Using kids as conduits

Politics, Community & Society | June 26, 2009

Is it wrong to use your children to fetch you stuff, make you cuppas, do the chores you don’t like doing or even act as the subconscious mediator for a family feud?

I have a 17-month-old boy. He has hit the "little helper" stage and I feel like I have to make the most of it before he grows out of it.

I’ve got a very small window of opportunity here.

It won’t be long before his continual urgings to sweep up or take something to the rubbish bin or bring me my shoes are replaced with annoyed moans, dismissive tut-tutting, eye-rolling or, worse, explosive tantrums all to communicate that he most certainly will not take the bins out.

Admittedly, his sweeping or shoe-sorting does not save me any time. It does the contrary, in fact, as he doesn’t so much sweep, as spread the crumbs further afield and he doesn’t so much bring me the one pair of shoes I need, as drop them all Hansel and Gretel-like from one end of the house to the other.

I have found another "use" for him in the past few days. My partner and I have had a disagreement about money. My partner spent a lot of money on a very out of the ordinary, and I think totally unnecessary, purchase without consultation and we live on one of the tightest budgets I have ever had to adhere to.

Anyway, I find that I am still so incensed by that purchase that I can’t quite bring myself to speak to her directly. But if I need to communicate something to her, I use my son.

Scenario One: it is morning, I am getting ready for work. I smell the unmistakable aroma of dirty nappy as my son toddles by. I realise that I have no time to change the nappy. I would normally ask my partner to change him, please, but this morning, I cannot for reasons outline above.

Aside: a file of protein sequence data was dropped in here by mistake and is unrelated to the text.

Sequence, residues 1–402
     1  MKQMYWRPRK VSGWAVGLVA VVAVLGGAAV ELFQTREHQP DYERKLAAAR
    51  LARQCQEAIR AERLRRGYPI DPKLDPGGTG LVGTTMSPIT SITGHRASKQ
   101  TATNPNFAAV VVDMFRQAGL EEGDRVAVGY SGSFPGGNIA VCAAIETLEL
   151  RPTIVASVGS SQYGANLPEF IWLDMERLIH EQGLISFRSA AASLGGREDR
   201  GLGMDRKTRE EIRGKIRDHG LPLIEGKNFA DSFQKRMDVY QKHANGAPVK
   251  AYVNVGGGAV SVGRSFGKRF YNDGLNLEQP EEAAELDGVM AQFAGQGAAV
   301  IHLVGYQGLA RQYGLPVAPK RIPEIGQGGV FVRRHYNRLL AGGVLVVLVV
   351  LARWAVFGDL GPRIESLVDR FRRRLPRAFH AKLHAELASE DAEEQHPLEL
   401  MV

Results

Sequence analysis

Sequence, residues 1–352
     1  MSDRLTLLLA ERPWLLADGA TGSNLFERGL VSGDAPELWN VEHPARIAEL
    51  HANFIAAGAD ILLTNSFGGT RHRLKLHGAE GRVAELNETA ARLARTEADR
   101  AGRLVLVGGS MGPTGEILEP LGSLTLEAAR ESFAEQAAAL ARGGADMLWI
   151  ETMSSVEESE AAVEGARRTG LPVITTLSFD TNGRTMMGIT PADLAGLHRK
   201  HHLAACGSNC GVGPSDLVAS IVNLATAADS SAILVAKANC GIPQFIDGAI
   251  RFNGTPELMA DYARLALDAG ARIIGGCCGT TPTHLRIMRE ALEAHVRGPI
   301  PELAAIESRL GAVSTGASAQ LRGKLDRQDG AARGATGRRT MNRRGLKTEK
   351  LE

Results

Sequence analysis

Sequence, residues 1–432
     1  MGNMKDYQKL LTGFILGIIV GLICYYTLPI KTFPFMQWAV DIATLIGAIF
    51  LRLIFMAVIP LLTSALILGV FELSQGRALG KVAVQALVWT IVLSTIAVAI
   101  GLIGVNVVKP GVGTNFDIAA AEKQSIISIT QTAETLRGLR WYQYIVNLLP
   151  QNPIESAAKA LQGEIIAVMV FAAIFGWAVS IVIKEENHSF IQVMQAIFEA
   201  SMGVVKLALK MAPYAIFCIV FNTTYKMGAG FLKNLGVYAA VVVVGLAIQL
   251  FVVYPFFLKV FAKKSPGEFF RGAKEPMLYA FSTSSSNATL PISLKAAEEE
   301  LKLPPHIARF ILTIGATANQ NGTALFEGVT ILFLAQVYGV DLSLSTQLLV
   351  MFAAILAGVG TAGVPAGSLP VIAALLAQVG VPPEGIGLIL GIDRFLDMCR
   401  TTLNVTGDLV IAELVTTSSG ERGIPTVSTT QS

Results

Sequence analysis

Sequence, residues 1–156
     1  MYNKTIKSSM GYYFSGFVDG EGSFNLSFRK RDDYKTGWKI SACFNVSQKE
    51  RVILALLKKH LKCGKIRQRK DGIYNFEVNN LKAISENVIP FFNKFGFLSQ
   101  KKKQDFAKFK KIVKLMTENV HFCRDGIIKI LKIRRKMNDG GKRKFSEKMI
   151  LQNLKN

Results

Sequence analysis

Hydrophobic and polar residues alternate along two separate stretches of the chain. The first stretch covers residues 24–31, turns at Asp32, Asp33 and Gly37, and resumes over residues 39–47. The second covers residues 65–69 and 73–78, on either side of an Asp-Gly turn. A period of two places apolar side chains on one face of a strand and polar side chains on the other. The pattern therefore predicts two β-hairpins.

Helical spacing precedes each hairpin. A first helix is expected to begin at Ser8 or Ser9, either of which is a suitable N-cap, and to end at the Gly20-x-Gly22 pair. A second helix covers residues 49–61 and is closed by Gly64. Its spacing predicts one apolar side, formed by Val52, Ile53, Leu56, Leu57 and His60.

Action: Speak in raised baby voice to son: "Go and ask mummy to change your nappy because I am too busy getting ready for work". He cannot speak, so there is no way he will be able to do that.

But in a smug, and slightly immature way, I feel I have made my point.

I won't bore you with the other 15 scenarios here, because they all end in the same action: speak in raised baby voice, projected in the direction of my partner, but cleverly hidden as discourse between myself and my son.

Poor child. He may as well be a vetriloquist’s dummy.

The older I get, the more I notice the increasing existence of cycles in life. With each birthday this realisation comes, because, like an image on a Polaroid picture, it takes time.

Music, the economy, fashion, clashes between the generations are all endlessly recycled and, no matter how much we swear we won’t, we will become incarnations of our parents. It’s the unstoppable cycle of life.

Death follows life, bust follows boom and reconciliation follows fight.


1. DearKorea on November 16, 2009


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About Rebecca Marshall

I have been a journalist in regional Australia for about 14 years, first in South Australia (television) and now on Queensland's Sunshine Coast (newspapers).
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